Diabetes is not just determined by what you eat but by the ability of your pancreas to produce insulin. If your body is unable to produce sufficient insulin, you are likely to have high sugars irrespective of the number of fruits you eat.
Myth: Eating too many bananas can lead to a potassium overdose
Nutrients introduced in the body as injections/tablets/syrups are absorbed much better than from a natural food source. Therefore, even if you eat 10 bananas a day, it won’t shoot up your potassium load as your body won’t be able to absorb all that potassium. All that could happen due to eating too many bananas is an upset tummy.
Myth: Fruits are best eaten at bedtime
The best time to consume fruits is mid-morning and mid-evening on a light stomach because your body’s need for glucose and energy is higher at this time. Eating fruits at bedtime post dinner only loads more calories into your system, leading to weight gain. Besides, it’s not advisable to eat much after 7pm because our metabolism slows down as the day progresses and is the slowest by bedtime.
Myth: Eating a whole fruit is as good as drinking fruit juice or eating a fruit bar
A lot of people hate eating fruits—they find it immensely boring. But they don’t mind drinking juice or eating a fruit bar. But it is always better to eat a fruit as juice lacks fibre, which is present in a whole fruit. Fibre aids in digestion and juices do not have the same effect.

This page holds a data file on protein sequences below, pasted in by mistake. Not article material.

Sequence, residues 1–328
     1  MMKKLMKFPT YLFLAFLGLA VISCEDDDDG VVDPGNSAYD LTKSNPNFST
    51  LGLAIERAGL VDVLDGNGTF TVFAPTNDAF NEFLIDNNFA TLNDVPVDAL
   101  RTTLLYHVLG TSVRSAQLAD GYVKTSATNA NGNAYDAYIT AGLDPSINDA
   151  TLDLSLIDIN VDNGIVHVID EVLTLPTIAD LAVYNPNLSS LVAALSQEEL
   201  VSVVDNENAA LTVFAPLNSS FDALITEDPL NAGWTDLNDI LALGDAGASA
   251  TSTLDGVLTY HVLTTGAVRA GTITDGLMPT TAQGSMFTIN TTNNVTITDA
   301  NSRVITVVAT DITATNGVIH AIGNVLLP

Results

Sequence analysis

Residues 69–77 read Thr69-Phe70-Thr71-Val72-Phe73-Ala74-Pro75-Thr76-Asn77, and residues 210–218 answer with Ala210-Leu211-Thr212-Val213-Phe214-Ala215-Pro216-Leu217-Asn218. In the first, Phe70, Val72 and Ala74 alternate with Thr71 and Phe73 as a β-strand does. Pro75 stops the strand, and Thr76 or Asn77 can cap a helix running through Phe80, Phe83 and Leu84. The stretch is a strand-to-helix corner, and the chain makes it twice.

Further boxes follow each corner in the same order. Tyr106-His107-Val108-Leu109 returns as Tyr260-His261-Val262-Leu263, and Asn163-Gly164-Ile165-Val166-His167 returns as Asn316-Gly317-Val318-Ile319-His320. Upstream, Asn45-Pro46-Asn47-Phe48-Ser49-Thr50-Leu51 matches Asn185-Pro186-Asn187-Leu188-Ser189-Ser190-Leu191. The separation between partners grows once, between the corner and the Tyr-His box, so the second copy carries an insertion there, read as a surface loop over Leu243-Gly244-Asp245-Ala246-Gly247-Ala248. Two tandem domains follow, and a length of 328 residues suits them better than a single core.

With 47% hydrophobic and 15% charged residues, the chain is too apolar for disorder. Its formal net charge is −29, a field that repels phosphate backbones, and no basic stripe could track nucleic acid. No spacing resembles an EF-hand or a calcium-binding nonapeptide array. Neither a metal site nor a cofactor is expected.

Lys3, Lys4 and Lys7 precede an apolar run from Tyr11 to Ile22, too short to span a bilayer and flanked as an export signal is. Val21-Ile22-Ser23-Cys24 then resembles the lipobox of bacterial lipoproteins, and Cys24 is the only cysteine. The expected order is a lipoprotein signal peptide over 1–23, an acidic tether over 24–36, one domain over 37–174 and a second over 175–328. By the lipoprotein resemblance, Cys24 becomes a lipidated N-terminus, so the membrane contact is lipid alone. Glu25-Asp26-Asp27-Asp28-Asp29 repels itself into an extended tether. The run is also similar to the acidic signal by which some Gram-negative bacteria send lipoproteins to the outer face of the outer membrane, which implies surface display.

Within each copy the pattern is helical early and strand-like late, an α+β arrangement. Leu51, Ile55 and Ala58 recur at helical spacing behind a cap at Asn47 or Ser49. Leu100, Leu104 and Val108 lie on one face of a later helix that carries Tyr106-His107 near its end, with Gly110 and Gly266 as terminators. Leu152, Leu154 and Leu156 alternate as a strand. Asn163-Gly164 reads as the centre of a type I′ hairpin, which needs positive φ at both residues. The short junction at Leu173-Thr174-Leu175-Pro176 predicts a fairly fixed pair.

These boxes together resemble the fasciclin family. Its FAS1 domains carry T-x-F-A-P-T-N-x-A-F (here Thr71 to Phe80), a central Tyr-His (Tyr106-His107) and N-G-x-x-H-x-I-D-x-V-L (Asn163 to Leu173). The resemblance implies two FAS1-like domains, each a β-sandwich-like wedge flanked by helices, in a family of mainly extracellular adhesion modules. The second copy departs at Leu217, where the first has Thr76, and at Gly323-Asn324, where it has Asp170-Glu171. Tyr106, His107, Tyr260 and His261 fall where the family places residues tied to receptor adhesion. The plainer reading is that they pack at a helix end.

And fruit bars [as well as juice] are processed, often with added sugar, and have far more calories, compared to fresh fruits. Having said that, drinking juice is much better than not consuming fruits at all. But don’t drink it thinking it will provide you with the benefits of a whole fruit; be aware that you’re missing out on certain nutrients like vitamins and minerals as well as fibre.
Myth: Figs are good for health and hence should be eaten in plenty during the season
Figs are nutrient-heavy and not easily digested by the body even though they are rich in fibre. Excessive consumption of figs may lead to diarrhoea. One shouldn’t eat more than two figs a day.
Myth: Fortified fruits are healthier than fresh ones
Most fortified fruits come in cans. And anything fresh is always healthier than anything that comes in a tin box as it contains preservatives, has high sodium and sugar content, and adds to your weight and water retention issues.
These beliefs about fruits are facts…
Truth: Eating too much mango leads to excessive heat in the body
Eating too much mango upsets the tummy or leads to skin eruptions because it is high in sugar. It’s the same with other sugar-heavy fruits as well. Therefore remember, moderation is key.
Truth: Apple is good for bad tummy
Apples are also good for constipation when eaten in a stewed form. So, if you have an upset tummy, eat it as a whole fruit or juice and to cure constipation, eat it stewed.
Truth: Different fruits have different things to offer
While all fruits offer fibre and energy each fruit has its unique nutritional profile. Red, yellow and orange fruits are rich in antioxidants; whereas fruits which can be eaten with skin are rich in fibre. While bananas and chickoo give instant energy, kiwis and grapes increase your fluids. Therefore, do not omit any fruit from your diet.